A school crossing may look dangerous for children to use, causing parents to demand a stop sign to halt traffic. Now a vehicle, which had been a problem for 3 seconds while approaching and passing the intersection, becomes a problem for much longer period. A situation of indecision is created as to when to cross as a pedestrian or when to start as a motorist. Normal gaps in traffic through which crossings could be made safely no longer exist. An intersection that previously was not busy now looks like a major intersection. It really isn't, it just looks like it. It doesn't even look safer and it usually isn't.

Most drivers are reasonable and prudent with no intention of maliciously violating traffic regulations; however, when an unreasonable restriction is imposed, it may result in flagrant violations. In such cases, the stop sign can create a false sense of security in a pedestrian and an attitude of contempt in a motorist. These two attitudes can and often do conflict with tragic results.

Well-developed, nationally recognized guidelines help to indicate when such controls become necessary. These guidelines taken into consideration, among other things the probability of vehicles arriving at an intersection at the same time, the length of time traffic must wait to enter, and the availability of safe crossing opportunities.

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Why not put up "Children at Play" signs?

An often-heard neighborhood request concerns the posting of generalized warning signs with "SLOW CHILDREN AT PLAY" or other similar messages. Parental concern for the safety of children in the street near home, and a misplaced but widespread public faith in traffic signs to provide protection often prompt these requests.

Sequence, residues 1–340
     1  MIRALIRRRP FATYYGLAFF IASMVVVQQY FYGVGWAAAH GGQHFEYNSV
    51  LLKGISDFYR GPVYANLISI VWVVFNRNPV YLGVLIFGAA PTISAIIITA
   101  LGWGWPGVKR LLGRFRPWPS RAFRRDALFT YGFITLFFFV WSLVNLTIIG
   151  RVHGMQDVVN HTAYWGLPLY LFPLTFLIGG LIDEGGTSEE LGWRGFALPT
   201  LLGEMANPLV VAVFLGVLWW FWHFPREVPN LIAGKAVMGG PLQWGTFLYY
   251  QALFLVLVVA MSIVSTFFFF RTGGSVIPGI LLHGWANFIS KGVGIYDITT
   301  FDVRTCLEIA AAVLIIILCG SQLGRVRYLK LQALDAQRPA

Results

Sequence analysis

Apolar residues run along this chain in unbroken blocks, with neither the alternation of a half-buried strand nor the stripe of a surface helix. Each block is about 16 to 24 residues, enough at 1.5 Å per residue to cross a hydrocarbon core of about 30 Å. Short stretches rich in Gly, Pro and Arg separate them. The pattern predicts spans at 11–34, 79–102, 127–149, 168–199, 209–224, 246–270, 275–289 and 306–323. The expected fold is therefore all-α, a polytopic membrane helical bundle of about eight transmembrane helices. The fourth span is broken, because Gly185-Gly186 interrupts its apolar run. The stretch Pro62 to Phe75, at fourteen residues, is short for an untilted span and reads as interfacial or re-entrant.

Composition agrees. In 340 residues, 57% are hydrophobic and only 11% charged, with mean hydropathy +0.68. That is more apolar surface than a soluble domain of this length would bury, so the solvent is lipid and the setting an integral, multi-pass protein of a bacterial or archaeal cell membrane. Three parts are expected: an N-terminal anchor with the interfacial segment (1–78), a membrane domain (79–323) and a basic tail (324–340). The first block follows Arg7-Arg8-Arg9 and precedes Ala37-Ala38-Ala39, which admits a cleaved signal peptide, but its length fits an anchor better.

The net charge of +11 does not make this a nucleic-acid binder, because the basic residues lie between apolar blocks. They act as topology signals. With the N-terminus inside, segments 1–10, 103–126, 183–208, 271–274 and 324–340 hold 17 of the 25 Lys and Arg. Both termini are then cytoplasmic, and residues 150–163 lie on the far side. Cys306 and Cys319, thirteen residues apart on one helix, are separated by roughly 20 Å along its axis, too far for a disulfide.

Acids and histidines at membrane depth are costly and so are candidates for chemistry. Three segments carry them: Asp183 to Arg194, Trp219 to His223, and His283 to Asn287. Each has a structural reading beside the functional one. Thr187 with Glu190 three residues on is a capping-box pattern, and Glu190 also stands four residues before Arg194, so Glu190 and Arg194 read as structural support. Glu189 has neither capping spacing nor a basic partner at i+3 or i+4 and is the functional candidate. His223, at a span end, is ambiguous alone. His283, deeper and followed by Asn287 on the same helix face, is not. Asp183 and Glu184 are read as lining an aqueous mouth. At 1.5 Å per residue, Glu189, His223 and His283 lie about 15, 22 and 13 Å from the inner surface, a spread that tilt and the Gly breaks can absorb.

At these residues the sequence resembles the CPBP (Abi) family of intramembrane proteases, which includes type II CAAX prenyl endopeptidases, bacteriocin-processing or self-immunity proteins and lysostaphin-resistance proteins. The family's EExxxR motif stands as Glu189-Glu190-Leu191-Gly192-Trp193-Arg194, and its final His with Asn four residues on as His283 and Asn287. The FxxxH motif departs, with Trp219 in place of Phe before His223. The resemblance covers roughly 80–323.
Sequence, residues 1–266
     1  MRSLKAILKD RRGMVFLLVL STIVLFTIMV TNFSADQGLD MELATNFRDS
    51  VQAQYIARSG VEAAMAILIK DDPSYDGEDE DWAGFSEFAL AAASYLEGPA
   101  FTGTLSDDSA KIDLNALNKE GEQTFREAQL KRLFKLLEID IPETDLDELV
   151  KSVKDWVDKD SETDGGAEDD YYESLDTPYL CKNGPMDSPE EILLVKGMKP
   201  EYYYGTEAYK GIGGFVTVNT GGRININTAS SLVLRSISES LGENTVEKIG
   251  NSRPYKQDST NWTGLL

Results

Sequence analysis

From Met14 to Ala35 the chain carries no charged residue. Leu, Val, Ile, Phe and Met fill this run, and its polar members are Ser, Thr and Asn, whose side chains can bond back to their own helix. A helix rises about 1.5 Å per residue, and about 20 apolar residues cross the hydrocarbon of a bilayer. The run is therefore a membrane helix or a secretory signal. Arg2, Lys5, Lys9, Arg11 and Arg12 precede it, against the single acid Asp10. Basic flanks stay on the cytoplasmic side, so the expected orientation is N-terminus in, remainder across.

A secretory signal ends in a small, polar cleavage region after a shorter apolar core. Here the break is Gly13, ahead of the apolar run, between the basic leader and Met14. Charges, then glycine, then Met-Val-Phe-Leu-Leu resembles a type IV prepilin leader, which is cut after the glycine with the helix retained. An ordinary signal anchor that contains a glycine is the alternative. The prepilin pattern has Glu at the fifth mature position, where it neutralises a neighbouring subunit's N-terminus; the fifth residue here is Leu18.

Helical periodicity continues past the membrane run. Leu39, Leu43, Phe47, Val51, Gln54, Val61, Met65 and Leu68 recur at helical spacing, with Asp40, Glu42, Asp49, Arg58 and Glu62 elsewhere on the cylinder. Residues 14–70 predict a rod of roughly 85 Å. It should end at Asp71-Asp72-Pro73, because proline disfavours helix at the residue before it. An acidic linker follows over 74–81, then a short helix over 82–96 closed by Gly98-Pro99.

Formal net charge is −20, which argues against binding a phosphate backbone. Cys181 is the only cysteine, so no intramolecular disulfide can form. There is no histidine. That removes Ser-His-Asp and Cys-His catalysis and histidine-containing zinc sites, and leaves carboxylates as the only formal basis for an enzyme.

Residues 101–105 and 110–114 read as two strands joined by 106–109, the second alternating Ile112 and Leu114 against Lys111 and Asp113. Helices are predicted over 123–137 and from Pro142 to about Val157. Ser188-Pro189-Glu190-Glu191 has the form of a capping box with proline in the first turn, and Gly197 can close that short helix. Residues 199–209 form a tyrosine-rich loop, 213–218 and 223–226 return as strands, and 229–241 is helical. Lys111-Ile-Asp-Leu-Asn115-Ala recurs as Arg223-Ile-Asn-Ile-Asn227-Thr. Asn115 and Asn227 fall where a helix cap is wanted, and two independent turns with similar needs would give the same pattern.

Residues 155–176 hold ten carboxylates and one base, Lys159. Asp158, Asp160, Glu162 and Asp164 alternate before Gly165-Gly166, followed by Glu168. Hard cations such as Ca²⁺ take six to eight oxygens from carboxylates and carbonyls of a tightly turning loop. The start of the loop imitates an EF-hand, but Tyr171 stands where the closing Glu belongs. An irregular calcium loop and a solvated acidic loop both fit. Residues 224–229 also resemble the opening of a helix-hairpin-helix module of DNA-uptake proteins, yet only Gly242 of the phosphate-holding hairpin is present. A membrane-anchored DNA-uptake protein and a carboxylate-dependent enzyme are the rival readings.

Although some other states have posted such signs widely in residential areas, no factual evidence has been presented to document their success in reducing pedestrian accidents, operating speeds or legal liability. Studies have shown that many types of signs attempting to warn of normal conditions in residential areas have failed to achieve the desired safety benefits. If signs encourage parents and children to believe they have an added degree of protection, which the signs do not and cannot provide, a great disservice results. Because of these serious considerations, the City of Chattanooga does not recognize use of "Children at Play" signs. Specific warnings for schools are available for use where clearly justified. Children should not be encouraged to play within the street travel ways. The sign has long been rejected since it is a direct and open suggestion that this behavior is acceptable.